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Health and Society

The purpose of this course is to introduce students to the major social variables that affect population health.
This course is archived
Estimated 4 weeks
5 hours per week
Instructor-paced
Instructor-led on a course schedule

About this course

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The purpose of this course is to introduce students to the major social variables—social class, race, gender, poverty, income distribution, social networks/support, community cohesion, the work and neighborhood environment—that affect population health.

The course covers the theoretical underpinnings of each construct (e.g. "race" as a social category), and surveys the empirical research linking each to population health status. Methods are introduced to operationalize each construct for the purposes of empirical application in epidemiologic research.

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At a glance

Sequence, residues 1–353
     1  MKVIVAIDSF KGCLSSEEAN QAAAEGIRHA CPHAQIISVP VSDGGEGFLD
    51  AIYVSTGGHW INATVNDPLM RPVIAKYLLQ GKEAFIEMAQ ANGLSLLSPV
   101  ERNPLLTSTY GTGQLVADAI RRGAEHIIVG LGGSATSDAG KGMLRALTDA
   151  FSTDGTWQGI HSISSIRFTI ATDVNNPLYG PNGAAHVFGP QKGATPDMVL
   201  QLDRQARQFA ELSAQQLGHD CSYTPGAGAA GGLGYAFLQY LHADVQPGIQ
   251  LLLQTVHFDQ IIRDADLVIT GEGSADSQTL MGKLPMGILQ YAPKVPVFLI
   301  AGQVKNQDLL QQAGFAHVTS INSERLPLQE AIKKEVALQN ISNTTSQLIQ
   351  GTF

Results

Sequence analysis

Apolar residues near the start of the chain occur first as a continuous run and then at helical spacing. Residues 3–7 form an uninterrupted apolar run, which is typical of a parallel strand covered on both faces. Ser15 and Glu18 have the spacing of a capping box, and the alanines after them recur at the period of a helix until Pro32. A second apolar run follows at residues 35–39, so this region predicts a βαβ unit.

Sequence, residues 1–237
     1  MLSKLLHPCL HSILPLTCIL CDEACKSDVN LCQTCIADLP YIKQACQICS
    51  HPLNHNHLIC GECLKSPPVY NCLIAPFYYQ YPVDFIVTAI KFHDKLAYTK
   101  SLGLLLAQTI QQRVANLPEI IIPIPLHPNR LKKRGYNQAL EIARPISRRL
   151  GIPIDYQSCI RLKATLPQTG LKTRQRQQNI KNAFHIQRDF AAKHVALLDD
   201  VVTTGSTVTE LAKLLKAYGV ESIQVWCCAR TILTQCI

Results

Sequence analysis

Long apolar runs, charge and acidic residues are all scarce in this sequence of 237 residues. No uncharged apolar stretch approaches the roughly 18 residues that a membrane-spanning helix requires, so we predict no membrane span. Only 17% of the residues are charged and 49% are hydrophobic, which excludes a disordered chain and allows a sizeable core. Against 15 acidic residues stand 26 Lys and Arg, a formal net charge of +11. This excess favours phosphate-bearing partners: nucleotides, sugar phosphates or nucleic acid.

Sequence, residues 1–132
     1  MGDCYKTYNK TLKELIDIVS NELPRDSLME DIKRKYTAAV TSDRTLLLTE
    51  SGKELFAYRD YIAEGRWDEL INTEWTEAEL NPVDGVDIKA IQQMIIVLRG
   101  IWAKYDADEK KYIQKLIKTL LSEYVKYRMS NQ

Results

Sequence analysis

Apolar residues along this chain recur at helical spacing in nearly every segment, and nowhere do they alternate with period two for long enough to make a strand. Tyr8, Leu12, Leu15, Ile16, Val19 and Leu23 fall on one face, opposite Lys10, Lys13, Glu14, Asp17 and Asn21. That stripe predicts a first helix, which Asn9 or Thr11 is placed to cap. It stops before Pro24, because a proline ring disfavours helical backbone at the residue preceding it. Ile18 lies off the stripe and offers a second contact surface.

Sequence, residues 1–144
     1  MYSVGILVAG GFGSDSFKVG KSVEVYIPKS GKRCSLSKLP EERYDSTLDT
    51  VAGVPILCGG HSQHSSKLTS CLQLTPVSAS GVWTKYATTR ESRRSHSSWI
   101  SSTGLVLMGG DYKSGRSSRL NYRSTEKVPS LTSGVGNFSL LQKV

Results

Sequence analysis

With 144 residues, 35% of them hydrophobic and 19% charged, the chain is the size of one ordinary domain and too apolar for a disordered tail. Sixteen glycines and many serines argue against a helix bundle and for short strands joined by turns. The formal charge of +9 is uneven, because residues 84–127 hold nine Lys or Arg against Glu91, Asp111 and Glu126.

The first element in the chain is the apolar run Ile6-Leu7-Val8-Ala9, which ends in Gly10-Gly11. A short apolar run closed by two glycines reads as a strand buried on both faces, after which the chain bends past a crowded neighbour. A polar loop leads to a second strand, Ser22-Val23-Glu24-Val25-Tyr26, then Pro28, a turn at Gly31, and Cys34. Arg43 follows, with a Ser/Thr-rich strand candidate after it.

• Language: English
  • Video Transcript: English

What you'll learn

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  • How population health is affected by and the theories underlying the following major social variables: socio-economic status (SES), Income inequality, race and ethnicities, social networks and support, neighborhoods, social capital and cohesion, and work environment
  • What empirical research links these variables to population health status
  • Which methods are used in social epidemiological research and how this research is empirically applied

About the instructors

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